Rock Music, group of related music styles that have dominated popular music in the West since about 1955. Rock music began in the United States, but it has influenced and in turn been shaped by a broad field of cultures and musical traditions, including gospel music, the blues, country-and-western music, classical music (see Music, Western), folk music, electronic music, and the popular music of Asia, Africa, and Latin America (see Worldbeat). In addition to its use as a broad designation, the term rock music commonly refers to music styles after 1959 predominantly influenced by white musicians. Other major rock-music styles include rock and roll (also known as rock 'n' roll), the first genre of the music; and rhythm-and-blues music (R&B), influenced mainly by black American musicians (see African American Music). Each of these major genres encompasses a variety of substyles, such as heavy metal, punk, alternative, and grunge. While innovations in rock music have often occurred in regional centers—such as New York City; Kingston, Jamaica; and Liverpool, England—the influence of rock music is now felt worldwide. II Musical Elements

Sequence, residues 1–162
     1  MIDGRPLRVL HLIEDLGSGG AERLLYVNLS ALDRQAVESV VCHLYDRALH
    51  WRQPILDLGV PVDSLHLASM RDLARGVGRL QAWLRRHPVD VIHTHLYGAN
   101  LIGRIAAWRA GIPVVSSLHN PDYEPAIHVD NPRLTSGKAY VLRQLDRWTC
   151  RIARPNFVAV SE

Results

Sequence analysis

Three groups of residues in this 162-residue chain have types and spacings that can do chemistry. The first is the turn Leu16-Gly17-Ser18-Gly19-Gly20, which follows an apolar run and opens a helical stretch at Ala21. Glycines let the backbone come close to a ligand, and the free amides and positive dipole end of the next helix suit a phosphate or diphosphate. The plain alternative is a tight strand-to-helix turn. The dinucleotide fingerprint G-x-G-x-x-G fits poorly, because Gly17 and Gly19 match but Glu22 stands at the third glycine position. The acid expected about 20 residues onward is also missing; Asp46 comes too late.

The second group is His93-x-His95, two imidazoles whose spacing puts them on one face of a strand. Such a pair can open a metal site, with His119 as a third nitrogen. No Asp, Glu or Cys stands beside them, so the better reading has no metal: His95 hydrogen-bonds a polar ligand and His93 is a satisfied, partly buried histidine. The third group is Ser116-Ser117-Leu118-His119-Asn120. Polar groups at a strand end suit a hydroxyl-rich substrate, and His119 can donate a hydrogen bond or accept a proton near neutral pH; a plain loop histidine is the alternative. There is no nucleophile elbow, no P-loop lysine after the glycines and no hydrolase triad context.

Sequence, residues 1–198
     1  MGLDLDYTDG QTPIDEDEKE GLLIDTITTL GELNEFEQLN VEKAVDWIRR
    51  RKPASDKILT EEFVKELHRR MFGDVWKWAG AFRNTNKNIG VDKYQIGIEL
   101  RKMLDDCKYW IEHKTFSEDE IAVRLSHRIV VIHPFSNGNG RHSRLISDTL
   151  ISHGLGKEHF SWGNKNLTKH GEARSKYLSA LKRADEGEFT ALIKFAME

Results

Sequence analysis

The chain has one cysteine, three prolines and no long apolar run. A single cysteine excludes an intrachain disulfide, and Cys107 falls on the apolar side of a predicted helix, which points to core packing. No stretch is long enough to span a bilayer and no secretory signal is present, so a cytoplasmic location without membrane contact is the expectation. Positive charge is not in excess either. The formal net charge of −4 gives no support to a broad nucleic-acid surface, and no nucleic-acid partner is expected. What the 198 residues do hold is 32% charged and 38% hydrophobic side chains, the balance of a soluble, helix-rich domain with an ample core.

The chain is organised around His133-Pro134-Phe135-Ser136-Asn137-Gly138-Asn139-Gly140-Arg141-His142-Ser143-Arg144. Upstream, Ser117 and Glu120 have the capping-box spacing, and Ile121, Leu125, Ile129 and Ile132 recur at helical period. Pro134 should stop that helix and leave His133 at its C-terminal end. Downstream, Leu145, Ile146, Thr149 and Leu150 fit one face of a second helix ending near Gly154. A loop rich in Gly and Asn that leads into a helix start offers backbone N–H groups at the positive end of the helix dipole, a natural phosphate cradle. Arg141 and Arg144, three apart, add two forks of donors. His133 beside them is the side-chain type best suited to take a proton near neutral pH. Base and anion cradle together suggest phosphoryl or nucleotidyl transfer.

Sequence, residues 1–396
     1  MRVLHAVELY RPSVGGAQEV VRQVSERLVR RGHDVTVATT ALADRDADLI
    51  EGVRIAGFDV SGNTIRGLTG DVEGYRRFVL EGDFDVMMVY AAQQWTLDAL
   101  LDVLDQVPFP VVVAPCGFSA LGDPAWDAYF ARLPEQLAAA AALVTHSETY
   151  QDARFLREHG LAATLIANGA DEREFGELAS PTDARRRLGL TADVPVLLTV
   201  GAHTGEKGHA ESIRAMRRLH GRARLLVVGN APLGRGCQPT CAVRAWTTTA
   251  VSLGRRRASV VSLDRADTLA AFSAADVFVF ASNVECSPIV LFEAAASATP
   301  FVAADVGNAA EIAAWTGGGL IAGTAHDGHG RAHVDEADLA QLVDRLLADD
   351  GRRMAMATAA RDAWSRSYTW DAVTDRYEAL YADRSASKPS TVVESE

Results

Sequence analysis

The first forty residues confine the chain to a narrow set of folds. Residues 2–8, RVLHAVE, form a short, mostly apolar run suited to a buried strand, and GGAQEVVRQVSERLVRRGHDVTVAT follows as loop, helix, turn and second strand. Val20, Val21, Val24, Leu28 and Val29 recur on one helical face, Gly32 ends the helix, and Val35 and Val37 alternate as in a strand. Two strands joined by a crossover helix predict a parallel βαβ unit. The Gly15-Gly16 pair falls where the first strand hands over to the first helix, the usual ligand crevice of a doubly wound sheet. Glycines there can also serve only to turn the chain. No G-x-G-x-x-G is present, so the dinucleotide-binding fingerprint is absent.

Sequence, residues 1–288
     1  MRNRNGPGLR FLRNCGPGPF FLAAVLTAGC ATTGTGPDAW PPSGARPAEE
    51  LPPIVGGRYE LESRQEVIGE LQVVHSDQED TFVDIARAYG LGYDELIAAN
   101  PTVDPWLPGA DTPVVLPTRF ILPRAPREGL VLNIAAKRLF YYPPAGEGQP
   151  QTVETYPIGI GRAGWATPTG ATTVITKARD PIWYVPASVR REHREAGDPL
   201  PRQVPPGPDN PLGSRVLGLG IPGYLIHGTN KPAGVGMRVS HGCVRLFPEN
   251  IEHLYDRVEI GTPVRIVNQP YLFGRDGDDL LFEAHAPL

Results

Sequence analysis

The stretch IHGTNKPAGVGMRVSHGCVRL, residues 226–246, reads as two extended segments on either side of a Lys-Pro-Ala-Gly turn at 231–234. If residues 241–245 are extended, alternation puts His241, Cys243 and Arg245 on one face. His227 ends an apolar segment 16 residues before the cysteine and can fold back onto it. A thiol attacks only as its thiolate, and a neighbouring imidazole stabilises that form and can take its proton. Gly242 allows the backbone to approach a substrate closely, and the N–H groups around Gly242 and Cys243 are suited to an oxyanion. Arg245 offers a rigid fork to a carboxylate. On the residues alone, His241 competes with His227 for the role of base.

The central musical instrument in most kinds of rock music is the electric guitar. Important figures in the history of this instrument include jazz musician Charlie Christian, who in the late 1930s was one of the first to play the amplified guitar as a solo instrument; Other instruments commonly used in rock music include the electric bass guitar keyboard instruments such as the electric piano, organ, and synthesizer; and the drum set, an Instruments that play important roles in certain rock-music genres include the saxophone—prominent in jazz-rock and soul music—and a wide assortment of traditional instruments used in worldbeat music. The microphone also functions as a musical instrument for many rock singers, who rely upon the amplification and various effects (such as echo) obtainable through electronic...
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